I have been struggling with bookmark management and discovery. I eventually landed on the following command which allows me to store my bookmarks in my git backed notes. For discoverability this also works surprisingly well due to the file paths containing a lot of searchable context around the bookmark.

open $(rg -o -e "\[(.?)\]\(http.?\)" <PATH_TO_NOTES_DIR> | fzf | rg -o "http[s]?://.[^\)]+")

Note:

This looks specifically for the [markdown link syntax](https://www.markdownguide.org/basic-syntax/#links). Lastly, it does require ripgrep and fzf to be installed.


A previous discussion of my writeup on this awesome feature: https://news.ycombinator.com/item?id=19520966

Was thinking about something exactly like this the other day. DDG is more useful for using other sites as search engines than it is by itself. Any chance this can be ported to chromium browsers too?

It's already in chromium browsers, just press tap after the domain.

You can even right click in pretty much any search field and click the context menu option to make a keyword bookmark for that field. Wild.

The grand irony is that this first existed in Konqueror (20ish years ago?). This was one of my favorite features in it. Konqueror was a phenomenal browser for the time.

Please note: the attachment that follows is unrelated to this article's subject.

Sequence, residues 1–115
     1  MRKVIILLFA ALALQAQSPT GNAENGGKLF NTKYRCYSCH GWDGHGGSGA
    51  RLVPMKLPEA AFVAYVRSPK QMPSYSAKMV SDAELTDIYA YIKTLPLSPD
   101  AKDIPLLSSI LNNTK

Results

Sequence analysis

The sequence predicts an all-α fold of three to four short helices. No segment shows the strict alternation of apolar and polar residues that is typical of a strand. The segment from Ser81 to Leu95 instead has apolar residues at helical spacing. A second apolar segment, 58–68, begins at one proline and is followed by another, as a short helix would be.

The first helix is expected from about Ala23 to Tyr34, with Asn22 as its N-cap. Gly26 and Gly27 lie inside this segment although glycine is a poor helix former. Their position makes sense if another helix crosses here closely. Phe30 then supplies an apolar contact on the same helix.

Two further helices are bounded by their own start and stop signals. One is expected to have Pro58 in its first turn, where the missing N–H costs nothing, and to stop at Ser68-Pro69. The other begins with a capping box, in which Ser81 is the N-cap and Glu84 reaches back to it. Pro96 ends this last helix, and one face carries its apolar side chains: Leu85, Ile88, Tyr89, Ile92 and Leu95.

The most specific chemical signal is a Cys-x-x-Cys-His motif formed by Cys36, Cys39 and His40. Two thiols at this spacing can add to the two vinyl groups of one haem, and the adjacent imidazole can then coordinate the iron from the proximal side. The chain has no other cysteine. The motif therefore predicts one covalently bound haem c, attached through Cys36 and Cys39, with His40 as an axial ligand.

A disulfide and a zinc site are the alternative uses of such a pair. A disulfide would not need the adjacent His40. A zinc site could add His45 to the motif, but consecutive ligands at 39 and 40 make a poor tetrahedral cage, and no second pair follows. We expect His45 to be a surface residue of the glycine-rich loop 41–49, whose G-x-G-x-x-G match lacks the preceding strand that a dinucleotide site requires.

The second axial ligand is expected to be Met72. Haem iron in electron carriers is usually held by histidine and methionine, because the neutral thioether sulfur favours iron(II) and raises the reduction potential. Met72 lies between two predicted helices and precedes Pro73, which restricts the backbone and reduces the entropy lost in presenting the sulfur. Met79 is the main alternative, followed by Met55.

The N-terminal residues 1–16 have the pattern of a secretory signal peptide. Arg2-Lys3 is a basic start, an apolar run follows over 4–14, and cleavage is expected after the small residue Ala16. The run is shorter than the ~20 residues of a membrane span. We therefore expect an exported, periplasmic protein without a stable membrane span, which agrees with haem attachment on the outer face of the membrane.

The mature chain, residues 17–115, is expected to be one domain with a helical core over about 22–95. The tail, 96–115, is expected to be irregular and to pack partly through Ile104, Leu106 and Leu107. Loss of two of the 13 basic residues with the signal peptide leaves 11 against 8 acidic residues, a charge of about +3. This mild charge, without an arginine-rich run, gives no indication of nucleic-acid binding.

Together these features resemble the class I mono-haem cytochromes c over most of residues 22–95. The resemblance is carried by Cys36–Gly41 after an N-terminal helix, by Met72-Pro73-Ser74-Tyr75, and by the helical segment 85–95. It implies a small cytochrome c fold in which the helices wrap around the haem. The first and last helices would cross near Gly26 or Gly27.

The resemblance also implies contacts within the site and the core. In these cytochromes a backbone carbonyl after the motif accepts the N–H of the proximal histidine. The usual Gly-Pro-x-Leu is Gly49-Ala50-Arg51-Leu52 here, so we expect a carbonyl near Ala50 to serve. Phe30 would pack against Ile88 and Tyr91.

And for those unaware, Konqueror used KHTML, which gave birth to WebKit, which Safari used, and then of course eventually Chrome used until forking it into Blink.


Firefox had this nearly 20 years ago, and morphed into keyword search.

This is the reason I made ddg the default search engine. So I can search any website right from the bar.

Can anyone remind me what the internal Facebook (sorry, Meta) tool for this is called? Im sure there have been versions of that released as open source.

Bunny1

Cheers!

Anyone who made it work on https://hn.algolia.com/?

Bookmark

    https://hn.algolia.com/?dateRange=all&page=0&prefix=false&query=%s&sort=byPopularity&type=story
And add whatever keyword you want.

The magic is %s gets replaced with whatever string you add after the keyword.


This may fix the reason I left Firefox. Keyword searches don’t work in the search bar, only the address bar. So when I wanted go to back to Google from DDG, I was forced into an omnibar situation. This wasn’t the first feature cut that ran me off, it was the last. If I have to use an omnibar going forward, I may as will be using my native browser so I set up my keywords in Edge.

Anyone remember yubnub?

I do! I missed the "web command-line" functionality so much I made a self-hosted replacement for it that can be run from a local file[0].

If you add it as your default search provider you can use it directly from the address bar, and at that point it works very similarly to DDG bang syntax (although it does a few other things apart from bookmarks as well).

[0]: https://github.com/dohliam/yub


Is yubnub not working anymore? Looks operational at first glance.